Computers can be great things, and both manufacturers and Microsoft have created ways to save power by putting our computers to sleep. However, if you put your computer into High Performance mode, it shouldn’t go to sleep unless you press the Sleep button on your keyboard.
When you connect your computer to the Internet, it sends out a unique code (known as a MAC address) that is set by the manufacturer. The router then assigns an IP address to the computer and (hopefully) off it works on the Internet.
Back in 1996, the Advanced Configuration and Power Interface (ACPI) was created. It defined 7 power states:
- G0 (also called S0) your computer is switched on and working.
- G1 sleep states S0ix-S4, S3 for example is called sleep or suspend to RAM and S4 is hibernation, also called suspend to disk. A system in S4 will suspend to disk then go to G2.
- G2 (also called S5) soft off, the power supply is in a low power state only providing power to the motherboard for the user to turn the computer on with the button.
- G3 – mechanical off. This is the action of unplugging a computer. A tiny battery inside keeps the clock going and preserves the settings.
Wake on LAN and Wake on Wireless LAN
Let’s say you have a wireless printer. It goes to S3 sleep and turns off most of it’s features including the screen to save power.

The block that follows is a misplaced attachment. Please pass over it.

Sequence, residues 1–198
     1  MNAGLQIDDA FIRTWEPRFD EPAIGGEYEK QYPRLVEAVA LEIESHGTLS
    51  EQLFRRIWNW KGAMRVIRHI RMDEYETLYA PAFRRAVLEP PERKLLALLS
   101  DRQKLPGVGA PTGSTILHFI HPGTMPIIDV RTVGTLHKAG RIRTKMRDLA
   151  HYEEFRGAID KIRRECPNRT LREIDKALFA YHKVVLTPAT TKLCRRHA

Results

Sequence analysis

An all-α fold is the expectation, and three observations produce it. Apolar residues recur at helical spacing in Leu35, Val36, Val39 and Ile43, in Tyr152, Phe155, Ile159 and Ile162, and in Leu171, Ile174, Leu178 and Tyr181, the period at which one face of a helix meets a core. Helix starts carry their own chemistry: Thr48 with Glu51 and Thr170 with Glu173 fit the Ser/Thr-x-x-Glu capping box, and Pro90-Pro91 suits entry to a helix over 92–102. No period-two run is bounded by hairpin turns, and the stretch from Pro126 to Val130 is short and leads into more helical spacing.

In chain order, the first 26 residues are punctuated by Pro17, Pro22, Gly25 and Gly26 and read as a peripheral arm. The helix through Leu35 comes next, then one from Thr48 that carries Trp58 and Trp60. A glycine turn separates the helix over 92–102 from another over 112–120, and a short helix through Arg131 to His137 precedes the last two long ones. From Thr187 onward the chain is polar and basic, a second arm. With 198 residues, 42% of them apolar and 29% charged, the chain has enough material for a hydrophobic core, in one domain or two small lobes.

The computer needs to print, so it sends a special magic packet to the printer’s MAC address, and the router sends the packet over the wireless network and this is seen by the printer, and it wakes from sleep and prints the document and after a pre-arranged time, goes back to S3 sleep.
Consider an office full of computers, each one could be woken up from sleep by certain network activity at a set time. Workers turn up at work to find their computers switched on and waiting for them to work.
Sleep on LAN and Sleep on Wireless LAN
Like it’s cousins, Wake on LAN and Wake on Wireless LAN, Sleep on LAN and Sleep on Wireless LAN watch for the same magic packet, except they react when the MAC address is reversed.
A suite of office computers that at the end of the day, automatically go to sleep saving the company money.
The problem and the solution
Sometimes, manufacturers get lazy and set the MAC address to all zeroes and the vendor is supposed to set that in software. When a device receives a Wake on LAN or Wake on Wireless LAN, the MAC address is the same both ways round and may trigger a Sleep on LAN or Sleep on Wireless LAN, and the computer goes to sleep.
Other times, the Sleep on LAN code is poorly implemented, so if the network adapter receives a Wake on LAN it just assumes its a sleep command and tells the computer to go to sleep.
The solution is in the operating system. Disabling the power management option that causes the network card to tell the operating system to sleep cures the problem.